Sunday, November 20, 2005


Since Harry Potter was off the available schedule last evening, we saw Prime instead. The Girl was much happier to see this one anyway, as she's only seeing Harry Potter with me as part of my birthday gifts.

Prime wasn't very crowded (9:45 pm show), but of course after we're nice and comfy in our seats, spread out from the other various couples and small groups of people, these three older teen/early twenty girls come giggling in and decide they have to sit in the three empty seats between us and the nearest couple. Mind you, the row behind us and the row ahead of us are all but vacant. No, they've got to sit next to us.

But back to the flick. If you've seen the commercials, you know the premise. Uma Thurman is Rafi, a 37-year-old recently divorced woman who starts dating a 23-year-old man who happens to be the son of her therapist, Meryl Streep. No one realizes the situation at first, but of course pieces start falling into place and issues ensue.

I enjoyed it, but it's not one of my favorites. Uma Thurman was great, and manages to portray a woman who's a grownup without being a stiff - something largely lacking in film these days. Bryan Greenberg is the younger man who's trying to make the transition into being a grownup, but still has many of the markers of a teenager. At one point Rafi gives him a tip: "One piece of advice - never begin a sentence with 'My mom...' " Meryl Streep's therapist/concerned mother character is a little shallowly portrayed. We're supposed to see that she's torn between her concern for her patient and her concern for her son, and conflicted by the fact that the advice she would give her patient depends on whether her son is involved, but mostly we just see that she's a neurotic mess at this point. A little more grounding would have been nice.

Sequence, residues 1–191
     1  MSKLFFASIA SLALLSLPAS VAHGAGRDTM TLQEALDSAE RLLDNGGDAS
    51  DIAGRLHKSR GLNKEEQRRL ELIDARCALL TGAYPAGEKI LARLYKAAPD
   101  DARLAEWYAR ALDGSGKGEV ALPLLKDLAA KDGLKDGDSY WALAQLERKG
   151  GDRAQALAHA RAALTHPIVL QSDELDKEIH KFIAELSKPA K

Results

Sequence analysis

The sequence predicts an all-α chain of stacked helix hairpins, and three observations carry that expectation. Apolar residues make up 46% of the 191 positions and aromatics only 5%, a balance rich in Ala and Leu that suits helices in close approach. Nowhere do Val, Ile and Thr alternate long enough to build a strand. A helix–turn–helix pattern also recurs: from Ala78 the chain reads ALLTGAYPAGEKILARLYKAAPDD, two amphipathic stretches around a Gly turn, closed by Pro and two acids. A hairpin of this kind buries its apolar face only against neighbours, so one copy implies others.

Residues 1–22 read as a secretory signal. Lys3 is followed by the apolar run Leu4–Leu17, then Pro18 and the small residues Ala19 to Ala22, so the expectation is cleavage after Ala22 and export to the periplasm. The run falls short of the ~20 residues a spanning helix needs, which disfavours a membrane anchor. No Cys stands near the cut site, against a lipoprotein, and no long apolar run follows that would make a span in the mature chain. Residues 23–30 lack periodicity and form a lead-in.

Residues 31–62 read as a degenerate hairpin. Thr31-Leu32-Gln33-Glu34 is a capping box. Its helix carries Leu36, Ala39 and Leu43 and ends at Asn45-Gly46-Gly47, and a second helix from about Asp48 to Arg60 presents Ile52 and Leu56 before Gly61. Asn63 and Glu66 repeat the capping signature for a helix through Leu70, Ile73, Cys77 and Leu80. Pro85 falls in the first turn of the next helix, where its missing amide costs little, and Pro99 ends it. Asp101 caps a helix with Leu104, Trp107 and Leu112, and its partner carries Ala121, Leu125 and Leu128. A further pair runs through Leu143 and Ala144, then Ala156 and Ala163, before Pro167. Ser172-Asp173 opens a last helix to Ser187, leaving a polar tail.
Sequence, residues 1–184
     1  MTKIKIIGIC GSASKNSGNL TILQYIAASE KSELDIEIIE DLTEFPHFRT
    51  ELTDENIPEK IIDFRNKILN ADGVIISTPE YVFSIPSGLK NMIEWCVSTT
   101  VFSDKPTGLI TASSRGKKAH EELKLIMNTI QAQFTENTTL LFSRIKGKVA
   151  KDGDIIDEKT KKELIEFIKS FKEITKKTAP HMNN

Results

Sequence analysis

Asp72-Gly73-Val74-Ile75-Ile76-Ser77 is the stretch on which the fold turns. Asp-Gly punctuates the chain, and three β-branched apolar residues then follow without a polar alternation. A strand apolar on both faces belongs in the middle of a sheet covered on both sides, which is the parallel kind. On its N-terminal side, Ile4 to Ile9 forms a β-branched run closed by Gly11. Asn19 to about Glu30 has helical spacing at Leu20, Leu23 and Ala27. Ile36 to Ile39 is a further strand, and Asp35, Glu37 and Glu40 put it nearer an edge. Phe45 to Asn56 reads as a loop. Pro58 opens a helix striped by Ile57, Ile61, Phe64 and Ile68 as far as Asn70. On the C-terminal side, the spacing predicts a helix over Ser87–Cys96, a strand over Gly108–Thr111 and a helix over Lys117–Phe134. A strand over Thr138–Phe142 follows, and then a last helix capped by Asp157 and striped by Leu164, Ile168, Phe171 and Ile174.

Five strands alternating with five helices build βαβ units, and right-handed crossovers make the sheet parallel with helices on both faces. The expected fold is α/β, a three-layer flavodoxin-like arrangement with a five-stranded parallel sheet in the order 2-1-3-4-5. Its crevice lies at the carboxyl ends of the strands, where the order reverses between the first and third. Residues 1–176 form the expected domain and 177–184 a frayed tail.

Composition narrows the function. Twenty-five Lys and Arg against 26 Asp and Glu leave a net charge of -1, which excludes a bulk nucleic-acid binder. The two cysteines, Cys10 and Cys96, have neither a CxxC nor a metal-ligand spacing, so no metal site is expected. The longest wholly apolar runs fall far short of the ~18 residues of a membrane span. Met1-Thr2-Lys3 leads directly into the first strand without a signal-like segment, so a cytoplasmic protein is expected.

The B-story is the son's friendship with Morris (Jon Abrahams), who is a Jack Black, never-going-to-get-it sort of guy who can't understand why he never gets a second date with any woman and whose response to this is to pie them at close range the day after the first date. Funny, huh? Yeah, I didn't really think so either.

The fun surprise hidden in this box of cracker jacks is Ato Essandoh, who plays the front desk guy at Rafi's plush Fifth Avenue apartment building. He shows us more depth of character with his occasional brief scenes and sparse dialogue than Meryl Streep gives us with her leading role. Essandoh was also most excellent in Saving Face, a flick The Girl and I caught on Netflix the other day.

Anyway, Prime was fun, with some great scenes, but overall left me less than satisfied.

Reality Check: The Girl was very excited to see this one, but when it was done summed it up with, "It was okay."

Posted by Beth Henderson at 10:17 AM